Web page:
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    “Surface Tension” #1 Explores Deep-Sea Horror [Review]

    By | May 28th, 2015
    Posted in Reviews | % Comments

    Jay Gunn’s “Surface Tension” #1 explores an apocalypse heralded by the arrival of coral towers within our oceans. Check out our spoiler-free review of this Lovecraftian horror below!

    Written and Illustrated by Jay Gunn

    Months after mysterious corals drew 99% of humanity into the sea, a band of survivors ekes out a hollow existence on a remote British island.

    When two people are cast up on the beach, completely blue, but very much alive, the island is thrown into turmoil.

    What caused the mass extinction event? How did these two return from the deep, when billions died? Most importantly, what is the coral, and what does it want with the Earth?

    A creeping, psychological horror fable of a planet rebelling against its inhabitants – perfect for fans of The Walking Dead, The Day of the Triffids, and Invasion of the Body Snatchers – Surface Tension is a gorgeous and timely ecological adventure of unprecedented scope. The oceans have never seemed so threatening!

    There are few certainties about the world. One is that humanity’s pollution of the Earth is reaching a critical threshold where it can no longer be ignored. The second is that people will always find ways to reinvent the zombie formula.

    “Surface Tension” #1 catches up to the world a year after its supposed end. Massive towers of coral erupted throughout the ocean, causing most of humanity’s skin to turn to water and compelling them to disappear into the ocean. Now, two of those who were thought lost have come back to one of the few islands where humanity still exists. And it seems they may be related to what caused the coral structures in the first place.

    One of “Surface Tension’s” strengths is that Jay Gunn’s art can be really fucked up. The coral infection that spread throughout humanity is depicted horrendously, with peoples’ faces melting like water. There’s also the case of the creates that came with the coral, looking like abomination that sprung out of the prehistoric era. Gunn manages to balance his deformed creatures with a nice use of storytelling, these things tend to pop onto a screen in a way that’s mildly unsettling and visually striking. While plenty of creatures like zombies have been so assumed into the cultural lexicon that they’re no longer frightening, Gunn’s creations always manage to be unsettling at least.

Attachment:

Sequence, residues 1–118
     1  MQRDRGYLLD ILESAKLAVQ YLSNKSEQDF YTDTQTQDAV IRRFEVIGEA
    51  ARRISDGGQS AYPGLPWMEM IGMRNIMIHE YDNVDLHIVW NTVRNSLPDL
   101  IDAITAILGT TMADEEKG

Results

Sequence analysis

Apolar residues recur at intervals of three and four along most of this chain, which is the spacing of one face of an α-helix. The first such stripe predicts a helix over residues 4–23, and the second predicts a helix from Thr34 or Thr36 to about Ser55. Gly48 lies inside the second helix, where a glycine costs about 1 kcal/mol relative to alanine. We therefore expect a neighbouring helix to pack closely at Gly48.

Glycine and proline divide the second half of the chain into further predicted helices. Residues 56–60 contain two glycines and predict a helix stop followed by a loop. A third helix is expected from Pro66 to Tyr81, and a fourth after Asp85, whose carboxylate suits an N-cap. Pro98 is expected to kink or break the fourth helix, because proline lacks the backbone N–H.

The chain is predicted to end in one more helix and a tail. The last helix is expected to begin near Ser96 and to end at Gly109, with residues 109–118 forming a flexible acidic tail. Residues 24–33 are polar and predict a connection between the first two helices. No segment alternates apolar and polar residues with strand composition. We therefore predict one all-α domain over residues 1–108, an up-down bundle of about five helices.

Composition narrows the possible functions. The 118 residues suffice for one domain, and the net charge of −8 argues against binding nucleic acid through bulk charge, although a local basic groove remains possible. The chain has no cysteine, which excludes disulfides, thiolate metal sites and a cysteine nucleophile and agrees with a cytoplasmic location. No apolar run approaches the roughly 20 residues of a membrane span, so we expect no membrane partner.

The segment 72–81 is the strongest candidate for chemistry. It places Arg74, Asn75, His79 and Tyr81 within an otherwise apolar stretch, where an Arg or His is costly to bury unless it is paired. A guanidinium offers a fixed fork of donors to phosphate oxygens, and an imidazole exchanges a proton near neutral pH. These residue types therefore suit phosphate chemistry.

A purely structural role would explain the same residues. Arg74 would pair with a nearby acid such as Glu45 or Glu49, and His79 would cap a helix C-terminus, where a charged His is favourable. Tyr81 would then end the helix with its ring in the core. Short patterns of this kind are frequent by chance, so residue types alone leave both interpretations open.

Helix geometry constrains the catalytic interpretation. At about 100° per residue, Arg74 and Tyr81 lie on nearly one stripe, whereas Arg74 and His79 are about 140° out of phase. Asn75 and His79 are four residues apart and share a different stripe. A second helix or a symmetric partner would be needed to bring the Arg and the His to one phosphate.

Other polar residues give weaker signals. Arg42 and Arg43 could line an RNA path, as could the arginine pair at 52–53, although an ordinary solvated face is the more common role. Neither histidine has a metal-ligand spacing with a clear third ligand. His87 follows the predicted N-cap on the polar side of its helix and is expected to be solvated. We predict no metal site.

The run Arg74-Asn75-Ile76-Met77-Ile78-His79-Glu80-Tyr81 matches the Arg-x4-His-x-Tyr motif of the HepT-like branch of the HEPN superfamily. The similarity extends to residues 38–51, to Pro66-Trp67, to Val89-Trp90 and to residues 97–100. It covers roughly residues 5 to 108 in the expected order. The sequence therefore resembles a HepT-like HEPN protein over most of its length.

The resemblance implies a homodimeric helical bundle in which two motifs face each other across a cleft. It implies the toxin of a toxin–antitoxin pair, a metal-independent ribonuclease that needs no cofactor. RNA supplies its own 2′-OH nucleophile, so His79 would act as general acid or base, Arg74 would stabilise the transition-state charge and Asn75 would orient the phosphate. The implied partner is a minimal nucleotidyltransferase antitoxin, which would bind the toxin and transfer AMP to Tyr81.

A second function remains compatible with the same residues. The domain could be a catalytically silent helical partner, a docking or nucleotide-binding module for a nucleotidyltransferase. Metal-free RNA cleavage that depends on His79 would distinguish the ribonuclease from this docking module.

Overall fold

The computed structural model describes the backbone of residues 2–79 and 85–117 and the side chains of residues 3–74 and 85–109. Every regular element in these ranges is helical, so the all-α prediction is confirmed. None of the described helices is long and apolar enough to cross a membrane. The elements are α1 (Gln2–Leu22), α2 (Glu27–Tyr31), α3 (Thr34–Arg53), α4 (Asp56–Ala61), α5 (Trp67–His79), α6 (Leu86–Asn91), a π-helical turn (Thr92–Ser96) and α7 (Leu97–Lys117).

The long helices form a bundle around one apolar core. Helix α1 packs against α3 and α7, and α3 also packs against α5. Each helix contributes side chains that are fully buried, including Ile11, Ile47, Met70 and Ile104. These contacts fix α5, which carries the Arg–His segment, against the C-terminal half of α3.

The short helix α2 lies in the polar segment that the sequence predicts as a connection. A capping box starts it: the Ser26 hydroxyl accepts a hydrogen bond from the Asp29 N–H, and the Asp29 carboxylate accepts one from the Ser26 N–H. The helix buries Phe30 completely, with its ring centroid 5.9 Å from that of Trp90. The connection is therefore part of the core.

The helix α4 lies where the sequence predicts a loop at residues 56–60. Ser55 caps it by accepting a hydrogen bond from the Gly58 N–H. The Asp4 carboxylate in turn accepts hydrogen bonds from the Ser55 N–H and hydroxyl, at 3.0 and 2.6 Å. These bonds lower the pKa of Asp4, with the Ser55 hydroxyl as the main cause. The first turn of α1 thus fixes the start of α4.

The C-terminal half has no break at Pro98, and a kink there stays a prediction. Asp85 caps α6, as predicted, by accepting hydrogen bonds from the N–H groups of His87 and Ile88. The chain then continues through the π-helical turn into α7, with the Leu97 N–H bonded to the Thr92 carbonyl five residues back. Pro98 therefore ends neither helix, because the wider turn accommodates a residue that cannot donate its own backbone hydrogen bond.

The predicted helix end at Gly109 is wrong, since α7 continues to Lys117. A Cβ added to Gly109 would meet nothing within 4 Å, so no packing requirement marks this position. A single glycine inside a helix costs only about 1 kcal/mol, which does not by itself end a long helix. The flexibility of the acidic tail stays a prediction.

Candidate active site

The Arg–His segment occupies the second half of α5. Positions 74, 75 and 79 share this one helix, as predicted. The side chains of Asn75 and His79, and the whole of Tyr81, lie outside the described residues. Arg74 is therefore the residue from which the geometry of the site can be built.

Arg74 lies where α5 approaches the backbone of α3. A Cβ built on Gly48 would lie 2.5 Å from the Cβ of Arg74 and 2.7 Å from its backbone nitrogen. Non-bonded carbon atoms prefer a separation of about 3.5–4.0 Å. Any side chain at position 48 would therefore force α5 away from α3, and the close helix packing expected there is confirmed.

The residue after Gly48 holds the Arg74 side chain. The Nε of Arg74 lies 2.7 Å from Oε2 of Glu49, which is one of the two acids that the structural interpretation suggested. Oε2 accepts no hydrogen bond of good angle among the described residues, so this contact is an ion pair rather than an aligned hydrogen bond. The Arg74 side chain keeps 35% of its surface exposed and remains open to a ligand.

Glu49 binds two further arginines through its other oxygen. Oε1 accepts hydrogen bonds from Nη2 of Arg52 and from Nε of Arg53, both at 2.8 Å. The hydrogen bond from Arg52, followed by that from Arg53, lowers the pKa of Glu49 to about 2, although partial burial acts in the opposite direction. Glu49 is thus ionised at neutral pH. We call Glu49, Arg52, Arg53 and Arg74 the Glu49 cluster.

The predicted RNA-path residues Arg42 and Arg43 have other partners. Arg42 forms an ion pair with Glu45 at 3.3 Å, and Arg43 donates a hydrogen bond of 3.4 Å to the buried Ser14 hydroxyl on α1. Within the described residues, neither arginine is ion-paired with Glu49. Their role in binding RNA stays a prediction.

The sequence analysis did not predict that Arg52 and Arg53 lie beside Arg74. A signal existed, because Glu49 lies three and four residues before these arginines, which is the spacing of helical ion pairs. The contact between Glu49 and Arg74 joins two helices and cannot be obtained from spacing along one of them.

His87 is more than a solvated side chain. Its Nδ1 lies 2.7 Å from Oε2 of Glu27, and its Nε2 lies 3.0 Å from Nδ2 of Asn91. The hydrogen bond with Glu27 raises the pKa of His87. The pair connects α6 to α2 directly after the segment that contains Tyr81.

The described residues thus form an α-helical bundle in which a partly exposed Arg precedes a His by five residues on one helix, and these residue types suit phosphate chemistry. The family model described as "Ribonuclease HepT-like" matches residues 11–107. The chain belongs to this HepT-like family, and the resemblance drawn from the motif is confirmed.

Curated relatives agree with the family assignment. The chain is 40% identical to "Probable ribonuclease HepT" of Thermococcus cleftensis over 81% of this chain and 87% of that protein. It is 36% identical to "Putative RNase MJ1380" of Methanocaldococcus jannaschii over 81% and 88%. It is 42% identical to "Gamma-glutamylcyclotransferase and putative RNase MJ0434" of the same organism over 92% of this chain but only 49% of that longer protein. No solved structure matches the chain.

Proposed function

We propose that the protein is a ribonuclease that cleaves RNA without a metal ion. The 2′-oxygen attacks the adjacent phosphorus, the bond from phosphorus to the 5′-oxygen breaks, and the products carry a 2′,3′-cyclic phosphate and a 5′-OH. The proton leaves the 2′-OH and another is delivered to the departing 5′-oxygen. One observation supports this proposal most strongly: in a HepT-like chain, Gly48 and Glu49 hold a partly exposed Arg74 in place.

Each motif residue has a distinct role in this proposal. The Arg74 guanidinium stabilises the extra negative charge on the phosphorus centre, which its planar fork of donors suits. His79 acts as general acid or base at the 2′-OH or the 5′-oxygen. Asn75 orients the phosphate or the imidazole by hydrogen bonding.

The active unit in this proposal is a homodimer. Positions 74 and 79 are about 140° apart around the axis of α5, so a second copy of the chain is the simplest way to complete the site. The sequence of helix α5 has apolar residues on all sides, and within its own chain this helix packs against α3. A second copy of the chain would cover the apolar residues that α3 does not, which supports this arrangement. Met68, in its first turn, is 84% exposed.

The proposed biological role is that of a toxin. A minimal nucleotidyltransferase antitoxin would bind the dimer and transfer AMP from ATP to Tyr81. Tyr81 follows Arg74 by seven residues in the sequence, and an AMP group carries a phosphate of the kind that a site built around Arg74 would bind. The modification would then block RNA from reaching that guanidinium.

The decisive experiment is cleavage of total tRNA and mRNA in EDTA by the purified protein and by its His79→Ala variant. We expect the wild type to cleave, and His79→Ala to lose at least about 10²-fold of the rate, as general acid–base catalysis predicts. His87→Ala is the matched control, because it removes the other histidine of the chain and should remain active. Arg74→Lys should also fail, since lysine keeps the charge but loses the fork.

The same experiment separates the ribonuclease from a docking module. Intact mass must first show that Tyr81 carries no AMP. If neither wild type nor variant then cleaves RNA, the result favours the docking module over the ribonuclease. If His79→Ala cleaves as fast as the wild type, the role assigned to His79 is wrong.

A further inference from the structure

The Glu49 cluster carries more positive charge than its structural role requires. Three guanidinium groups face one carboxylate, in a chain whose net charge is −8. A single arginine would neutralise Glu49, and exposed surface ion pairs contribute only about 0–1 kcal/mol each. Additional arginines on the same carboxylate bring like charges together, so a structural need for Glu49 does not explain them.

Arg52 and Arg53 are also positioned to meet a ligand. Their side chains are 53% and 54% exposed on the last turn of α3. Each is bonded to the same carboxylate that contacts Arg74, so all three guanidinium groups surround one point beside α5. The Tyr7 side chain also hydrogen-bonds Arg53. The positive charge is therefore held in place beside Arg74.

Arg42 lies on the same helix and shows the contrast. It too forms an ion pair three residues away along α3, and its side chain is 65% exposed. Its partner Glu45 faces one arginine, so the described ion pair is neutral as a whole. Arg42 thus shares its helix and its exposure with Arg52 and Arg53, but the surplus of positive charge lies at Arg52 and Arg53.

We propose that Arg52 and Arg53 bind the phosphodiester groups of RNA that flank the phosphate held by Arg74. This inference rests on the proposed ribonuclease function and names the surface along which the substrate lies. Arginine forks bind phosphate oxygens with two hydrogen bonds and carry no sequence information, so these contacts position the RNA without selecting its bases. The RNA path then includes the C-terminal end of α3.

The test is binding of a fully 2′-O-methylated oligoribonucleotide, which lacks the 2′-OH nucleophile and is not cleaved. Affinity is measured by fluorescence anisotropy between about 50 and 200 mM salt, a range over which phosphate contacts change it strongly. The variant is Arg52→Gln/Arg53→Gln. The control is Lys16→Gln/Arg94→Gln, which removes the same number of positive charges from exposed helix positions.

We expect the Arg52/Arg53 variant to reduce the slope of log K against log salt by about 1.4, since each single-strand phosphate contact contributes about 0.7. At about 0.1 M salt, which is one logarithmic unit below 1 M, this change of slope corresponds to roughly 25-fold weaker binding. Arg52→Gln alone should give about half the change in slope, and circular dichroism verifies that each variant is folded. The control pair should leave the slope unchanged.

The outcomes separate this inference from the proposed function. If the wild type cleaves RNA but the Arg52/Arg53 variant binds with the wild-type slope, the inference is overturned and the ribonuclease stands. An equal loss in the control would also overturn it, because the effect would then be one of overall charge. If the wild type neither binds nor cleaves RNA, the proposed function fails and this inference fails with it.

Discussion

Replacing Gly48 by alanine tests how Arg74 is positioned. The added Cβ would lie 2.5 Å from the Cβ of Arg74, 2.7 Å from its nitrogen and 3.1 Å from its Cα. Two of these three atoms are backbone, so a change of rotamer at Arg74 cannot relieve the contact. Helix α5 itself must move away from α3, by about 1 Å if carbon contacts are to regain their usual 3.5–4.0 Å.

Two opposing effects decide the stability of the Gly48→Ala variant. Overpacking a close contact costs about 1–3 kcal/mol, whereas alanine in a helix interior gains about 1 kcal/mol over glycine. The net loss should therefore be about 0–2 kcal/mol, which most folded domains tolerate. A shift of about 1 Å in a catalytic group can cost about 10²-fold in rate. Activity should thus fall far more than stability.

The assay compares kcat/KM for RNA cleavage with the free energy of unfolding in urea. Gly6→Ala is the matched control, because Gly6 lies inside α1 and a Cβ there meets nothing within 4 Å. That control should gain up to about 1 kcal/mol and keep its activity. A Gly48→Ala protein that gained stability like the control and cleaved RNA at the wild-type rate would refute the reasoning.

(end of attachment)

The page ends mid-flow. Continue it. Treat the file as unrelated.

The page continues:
And it’s this same sense of uneasiness that helps sell the world of “Surface Tension.” It’s not a world immediately in danger, but one surrounded by it. Literally. In an ocean. The island of Brieth, an idyllic fishing community, makes for a suitable location then as it’s a stark contrast to the deep sea terrors that are always poised to take the town. In fact, another strength of the issue is how Brieth seems more or less fleshed out. Though the local townsfolk aren’t given too much introduction here, other aspects like a Lovecraftian cult worshipping the coral towers implies a world greater than your average end of the world scenario. “Surface Tension” does a solid job of building some suspense around this new world it lives in, but unfortunately gives it all away too quickly.

    One of the bodies that washed up, Megumi, reveals how she was tied to the coral towers right away with little problem. On one hand, it illuminates some aspects of the world and clarifies some things. On the other hand, it lays the central mystery of the title bare before you. That’s not to say the backstory isn’t interesting, but it is incredibly convenient. The horror in this comic seems to exist within the uncertainty that comes from being surrounded by an infinite ocean of murder monsters and psychic doodads. Pulling the curtain back on those aspects of the story just takes another mystery out of the equation.

    Another problem that just giving away what the coral towers are is that it just takes up so much space. As I mentioned earlier, no time is dedicated to any of Brieth’s residents, save for an old lady whose job is to immediately ask Megumi for the 411. On one hand, yes the concept is incredibly cool and one i would want to show off too. On the other, there aren’t any actual people developed enough to let the situation affect them. It kind of feels like the book is pitching itself to you as you read it.

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    Final Verdict: 6.7 – “Surface Tension” #1 is a comic with a compelling premise and some unnerving design to back it up. Its main concern, however, is its unwillingness to further populate its world with characters we can latch onto. I’d like to follow this series, but not if every character’s going to be a cardboard cutout. Even Z-Nation had some personality.

    James Johnston

    James Johnston is a grizzled post-millenial. Follow him on Twitter to challenge him to a fight.